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Race, Rights, and RecognitionJewish American Literature since 1969$
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Dean J. Franco

Print publication date: 2012

Print ISBN-13: 9780801450877

Published to Cornell Scholarship Online: August 2016

DOI: 10.7591/cornell/9780801450877.001.0001

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Globalization’s Complaint

Globalization’s Complaint

Gary Shteyngart’s Absurdistan and the Culture of Culture

(p.170) 6 Globalization’s Complaint
Race, Rights, and Recognition

Dean J. Franco

Cornell University Press

This chapter takes the satirization of multiculturalism in Gary Shteyngart's novel Absurdistan as a challenge to the discussion of pluralist recognition of the preceding chapters. For Shteyngart's antihero, the Russian Jewish scion and practitioner of global multiculturalism Misha Vainburg, multiculturalism is the transcendent truth amid the commodification of everything under global capitalism. Misha derives his multiculturalism from his liberal arts alma mater “Accidental College,” and Shteyngart's swipe at academia is the occasion for this chapter's discussion of how and why culture has become so venerated by some commentators and so discredited by others. Working toward a reconstructed pragmatic account of the efficacy of culture, the chapter also considers what culture has meant and can come to mean again for Jewish American literature, by looking backwards to a text with surprising parallels to Absurdistan, the memoir of the nineteenth-century Jewish homesteader Rachel Calof.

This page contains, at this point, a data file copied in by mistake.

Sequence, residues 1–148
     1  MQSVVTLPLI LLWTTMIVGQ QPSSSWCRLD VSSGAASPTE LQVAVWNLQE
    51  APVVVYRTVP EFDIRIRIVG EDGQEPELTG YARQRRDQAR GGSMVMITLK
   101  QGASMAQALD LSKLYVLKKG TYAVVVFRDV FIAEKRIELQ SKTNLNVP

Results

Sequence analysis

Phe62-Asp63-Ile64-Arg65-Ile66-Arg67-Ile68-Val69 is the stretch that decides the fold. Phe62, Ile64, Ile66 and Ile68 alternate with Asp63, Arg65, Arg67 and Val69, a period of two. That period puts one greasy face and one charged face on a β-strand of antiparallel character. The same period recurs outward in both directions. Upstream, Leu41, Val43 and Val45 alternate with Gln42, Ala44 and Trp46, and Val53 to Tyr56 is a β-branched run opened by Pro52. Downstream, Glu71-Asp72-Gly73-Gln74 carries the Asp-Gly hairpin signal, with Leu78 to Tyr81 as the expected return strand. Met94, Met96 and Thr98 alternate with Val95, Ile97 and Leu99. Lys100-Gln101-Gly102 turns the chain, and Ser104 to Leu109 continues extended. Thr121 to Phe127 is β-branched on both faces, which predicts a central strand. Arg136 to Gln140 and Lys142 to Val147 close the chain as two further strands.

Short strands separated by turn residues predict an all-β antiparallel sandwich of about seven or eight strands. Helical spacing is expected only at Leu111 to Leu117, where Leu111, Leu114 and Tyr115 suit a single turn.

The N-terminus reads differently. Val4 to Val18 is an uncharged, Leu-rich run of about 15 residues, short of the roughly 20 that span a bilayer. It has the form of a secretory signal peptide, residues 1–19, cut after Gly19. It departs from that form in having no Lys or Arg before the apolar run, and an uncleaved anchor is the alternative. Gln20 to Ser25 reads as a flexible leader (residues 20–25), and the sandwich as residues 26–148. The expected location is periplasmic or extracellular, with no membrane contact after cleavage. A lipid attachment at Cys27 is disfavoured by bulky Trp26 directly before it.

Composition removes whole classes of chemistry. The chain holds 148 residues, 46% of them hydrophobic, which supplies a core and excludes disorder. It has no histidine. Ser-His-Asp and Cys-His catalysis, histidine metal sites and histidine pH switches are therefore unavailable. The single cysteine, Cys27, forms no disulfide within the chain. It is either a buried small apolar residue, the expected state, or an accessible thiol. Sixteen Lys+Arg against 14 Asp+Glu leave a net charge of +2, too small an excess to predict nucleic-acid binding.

Keywords:   Gary Shteyngart, Absurdistan, Rachel Calof, multiculturalism, culture, Jewish American literature

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